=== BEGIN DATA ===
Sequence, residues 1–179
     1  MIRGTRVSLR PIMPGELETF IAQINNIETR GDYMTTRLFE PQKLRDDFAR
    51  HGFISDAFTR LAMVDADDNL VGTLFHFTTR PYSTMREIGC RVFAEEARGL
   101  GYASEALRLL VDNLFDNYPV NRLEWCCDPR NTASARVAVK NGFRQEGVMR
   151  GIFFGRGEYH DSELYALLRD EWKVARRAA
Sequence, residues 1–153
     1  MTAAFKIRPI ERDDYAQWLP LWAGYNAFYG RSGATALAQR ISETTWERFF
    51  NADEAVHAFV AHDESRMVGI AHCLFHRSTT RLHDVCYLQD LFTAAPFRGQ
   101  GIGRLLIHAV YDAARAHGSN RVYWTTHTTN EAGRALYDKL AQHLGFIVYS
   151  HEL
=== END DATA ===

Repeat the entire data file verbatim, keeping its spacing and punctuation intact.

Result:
Sequence, residues 1–179
     1  MIRGTRVSLR PIMPGELETF IAQINNIETR GDYMTTRLFE PQKLRDDFAR
    51  HGFISDAFTR LAMVDADDNL VGTLFHFTTR PYSTMREIGC RVFAEEARGL
   101  GYASEALRLL VDNLFDNYPV NRLEWCCDPR NTASARVAVK NGFRQEGVMR
   151  GIFFGRGEYH DSELYALLRD EWKVARRAA
Sequence, residues 1–153
     1  MTAAFKIRPI ERDDYAQWLP LWAGYNAFYG RSGATALAQR ISETTWERFF
    51  NADEAVHAFV AHDESRMVGI AHCLFHRSTT RLHDVCYLQD LFTAAPFRGQ
   101  GIGRLLIHAV YDAARAHGSN RVYWTTHTTN EAGRALYDKL AQHLGFIVYS
   151  HEL